The incremental model combines elements of the linear sequential model with the iterative philosophy of prototyping. The incremental model applies linear sequences in a staggered fashion as calendar time progresses. Each linear sequence produces a deliverable “increment” of the software.
In incremental model, the first increment is often a core product. Here the basic requirements are addressed, but many supplementary features remain undelivered. The core product is used by the customer to develop a plan for the next increment. The plan addresses the modification of the core product to better meet the needs of the customer and the delivery of additional features and functionality. This process is repeated following the delivery of each increment, until the complete product is produced.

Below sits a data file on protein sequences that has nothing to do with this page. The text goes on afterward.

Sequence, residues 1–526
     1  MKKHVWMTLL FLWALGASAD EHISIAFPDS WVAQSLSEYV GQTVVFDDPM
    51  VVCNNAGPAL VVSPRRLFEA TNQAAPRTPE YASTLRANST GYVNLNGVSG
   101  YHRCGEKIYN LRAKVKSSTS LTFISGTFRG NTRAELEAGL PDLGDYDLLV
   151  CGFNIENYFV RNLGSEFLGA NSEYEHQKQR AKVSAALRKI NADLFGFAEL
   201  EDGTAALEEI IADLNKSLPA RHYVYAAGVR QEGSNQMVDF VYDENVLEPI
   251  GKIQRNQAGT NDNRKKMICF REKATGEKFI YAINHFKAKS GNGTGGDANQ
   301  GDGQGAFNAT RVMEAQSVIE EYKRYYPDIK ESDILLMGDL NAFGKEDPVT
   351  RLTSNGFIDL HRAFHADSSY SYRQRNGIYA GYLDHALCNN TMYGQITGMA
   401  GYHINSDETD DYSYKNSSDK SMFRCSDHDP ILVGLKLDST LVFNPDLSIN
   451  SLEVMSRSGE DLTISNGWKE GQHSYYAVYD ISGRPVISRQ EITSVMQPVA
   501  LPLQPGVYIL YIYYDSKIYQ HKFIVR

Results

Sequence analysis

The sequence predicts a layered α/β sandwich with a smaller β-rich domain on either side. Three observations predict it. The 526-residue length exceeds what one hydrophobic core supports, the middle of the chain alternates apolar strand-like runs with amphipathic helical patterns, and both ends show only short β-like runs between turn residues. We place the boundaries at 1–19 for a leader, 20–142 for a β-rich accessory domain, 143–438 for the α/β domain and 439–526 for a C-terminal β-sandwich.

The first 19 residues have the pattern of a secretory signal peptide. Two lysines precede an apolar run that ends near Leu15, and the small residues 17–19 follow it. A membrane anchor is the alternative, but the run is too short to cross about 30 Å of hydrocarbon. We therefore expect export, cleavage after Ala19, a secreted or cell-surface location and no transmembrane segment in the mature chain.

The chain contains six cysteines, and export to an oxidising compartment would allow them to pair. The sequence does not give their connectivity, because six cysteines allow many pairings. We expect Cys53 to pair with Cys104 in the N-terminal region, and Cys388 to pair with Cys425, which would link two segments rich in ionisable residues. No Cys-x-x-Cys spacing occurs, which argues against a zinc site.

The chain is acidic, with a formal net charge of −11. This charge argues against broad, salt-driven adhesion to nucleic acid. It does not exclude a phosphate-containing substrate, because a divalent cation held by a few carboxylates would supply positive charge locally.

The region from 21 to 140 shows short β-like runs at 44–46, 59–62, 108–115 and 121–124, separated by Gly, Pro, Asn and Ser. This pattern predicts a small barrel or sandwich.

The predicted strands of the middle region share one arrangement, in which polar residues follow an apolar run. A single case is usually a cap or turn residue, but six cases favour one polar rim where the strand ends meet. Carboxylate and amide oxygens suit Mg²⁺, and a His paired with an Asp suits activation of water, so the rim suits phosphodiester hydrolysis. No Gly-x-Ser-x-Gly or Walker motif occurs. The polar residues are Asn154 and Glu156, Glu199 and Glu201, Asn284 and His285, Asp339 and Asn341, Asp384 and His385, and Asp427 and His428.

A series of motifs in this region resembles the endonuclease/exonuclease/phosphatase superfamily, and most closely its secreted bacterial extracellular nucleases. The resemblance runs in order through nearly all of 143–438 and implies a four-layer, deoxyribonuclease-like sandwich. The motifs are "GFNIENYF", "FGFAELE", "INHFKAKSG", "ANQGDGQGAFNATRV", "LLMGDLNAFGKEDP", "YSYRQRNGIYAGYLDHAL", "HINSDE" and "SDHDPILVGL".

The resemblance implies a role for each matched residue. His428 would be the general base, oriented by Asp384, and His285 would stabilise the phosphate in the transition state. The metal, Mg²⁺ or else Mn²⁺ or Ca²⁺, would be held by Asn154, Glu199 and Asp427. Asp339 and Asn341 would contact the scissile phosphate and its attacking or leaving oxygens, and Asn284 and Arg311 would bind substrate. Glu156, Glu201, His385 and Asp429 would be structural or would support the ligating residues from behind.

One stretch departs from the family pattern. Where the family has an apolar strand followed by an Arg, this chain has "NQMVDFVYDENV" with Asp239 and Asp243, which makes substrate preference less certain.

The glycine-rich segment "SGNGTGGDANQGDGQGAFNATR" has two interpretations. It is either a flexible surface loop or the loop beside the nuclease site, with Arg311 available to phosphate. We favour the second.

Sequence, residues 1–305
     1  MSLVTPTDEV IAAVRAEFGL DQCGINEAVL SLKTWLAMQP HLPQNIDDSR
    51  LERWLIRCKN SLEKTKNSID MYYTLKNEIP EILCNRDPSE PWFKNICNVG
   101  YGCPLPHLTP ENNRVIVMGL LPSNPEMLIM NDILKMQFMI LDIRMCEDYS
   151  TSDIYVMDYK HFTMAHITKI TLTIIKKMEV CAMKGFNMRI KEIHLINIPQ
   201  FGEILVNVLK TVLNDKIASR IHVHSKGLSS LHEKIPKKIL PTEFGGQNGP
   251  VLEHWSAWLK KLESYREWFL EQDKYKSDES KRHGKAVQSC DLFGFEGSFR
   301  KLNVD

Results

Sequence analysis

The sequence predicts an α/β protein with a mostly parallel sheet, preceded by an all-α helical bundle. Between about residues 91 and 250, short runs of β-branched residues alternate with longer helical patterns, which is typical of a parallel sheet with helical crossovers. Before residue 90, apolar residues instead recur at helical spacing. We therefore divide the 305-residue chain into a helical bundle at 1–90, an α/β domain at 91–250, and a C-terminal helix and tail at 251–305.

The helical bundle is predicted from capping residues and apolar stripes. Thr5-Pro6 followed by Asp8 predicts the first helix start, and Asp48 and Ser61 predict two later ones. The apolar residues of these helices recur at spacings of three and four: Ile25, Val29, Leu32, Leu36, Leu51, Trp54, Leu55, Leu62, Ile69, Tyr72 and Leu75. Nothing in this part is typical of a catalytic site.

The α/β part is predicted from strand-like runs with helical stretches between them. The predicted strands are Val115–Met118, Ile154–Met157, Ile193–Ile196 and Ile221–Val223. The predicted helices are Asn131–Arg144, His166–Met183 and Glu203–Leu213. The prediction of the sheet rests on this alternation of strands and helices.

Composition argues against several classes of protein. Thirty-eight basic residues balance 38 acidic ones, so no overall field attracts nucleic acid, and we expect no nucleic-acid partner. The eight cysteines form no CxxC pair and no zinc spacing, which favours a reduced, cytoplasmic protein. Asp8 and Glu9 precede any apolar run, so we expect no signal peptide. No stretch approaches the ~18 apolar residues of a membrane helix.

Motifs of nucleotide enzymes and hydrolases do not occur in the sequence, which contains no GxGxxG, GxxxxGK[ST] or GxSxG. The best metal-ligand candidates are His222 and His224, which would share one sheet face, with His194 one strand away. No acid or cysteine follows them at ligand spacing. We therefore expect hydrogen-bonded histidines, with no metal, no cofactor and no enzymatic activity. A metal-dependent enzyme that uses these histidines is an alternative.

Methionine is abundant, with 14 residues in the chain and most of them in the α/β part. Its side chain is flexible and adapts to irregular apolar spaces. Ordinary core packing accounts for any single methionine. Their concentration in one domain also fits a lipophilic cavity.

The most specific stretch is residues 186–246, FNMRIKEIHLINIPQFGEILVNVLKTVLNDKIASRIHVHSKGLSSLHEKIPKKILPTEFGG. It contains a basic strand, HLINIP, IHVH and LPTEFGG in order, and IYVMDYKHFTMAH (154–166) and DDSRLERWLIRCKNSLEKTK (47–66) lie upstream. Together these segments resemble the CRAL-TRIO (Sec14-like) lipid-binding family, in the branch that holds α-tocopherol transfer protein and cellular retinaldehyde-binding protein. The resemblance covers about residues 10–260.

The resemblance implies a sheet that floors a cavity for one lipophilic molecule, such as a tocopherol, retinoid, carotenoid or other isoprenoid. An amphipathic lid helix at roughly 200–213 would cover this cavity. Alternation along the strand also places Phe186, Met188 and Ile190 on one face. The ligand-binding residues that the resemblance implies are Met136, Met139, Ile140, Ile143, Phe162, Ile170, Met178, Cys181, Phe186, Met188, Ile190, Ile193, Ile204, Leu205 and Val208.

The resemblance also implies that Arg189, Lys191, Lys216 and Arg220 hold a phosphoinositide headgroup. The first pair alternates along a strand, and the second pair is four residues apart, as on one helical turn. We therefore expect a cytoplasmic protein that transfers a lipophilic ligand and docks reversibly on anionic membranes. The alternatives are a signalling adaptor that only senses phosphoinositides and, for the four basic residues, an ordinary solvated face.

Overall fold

Incremental development is particularly useful when staffing is unavailable for a complete implementation. If the core product is well received with fewer staffs then additional staff, if required), can be added to implement the next increment.
Increments can be planned to manage technical risks. For example, a major system might require new hardware that is under development. Then it might be possible to plan early increments in a way that avoids the use of this hardware.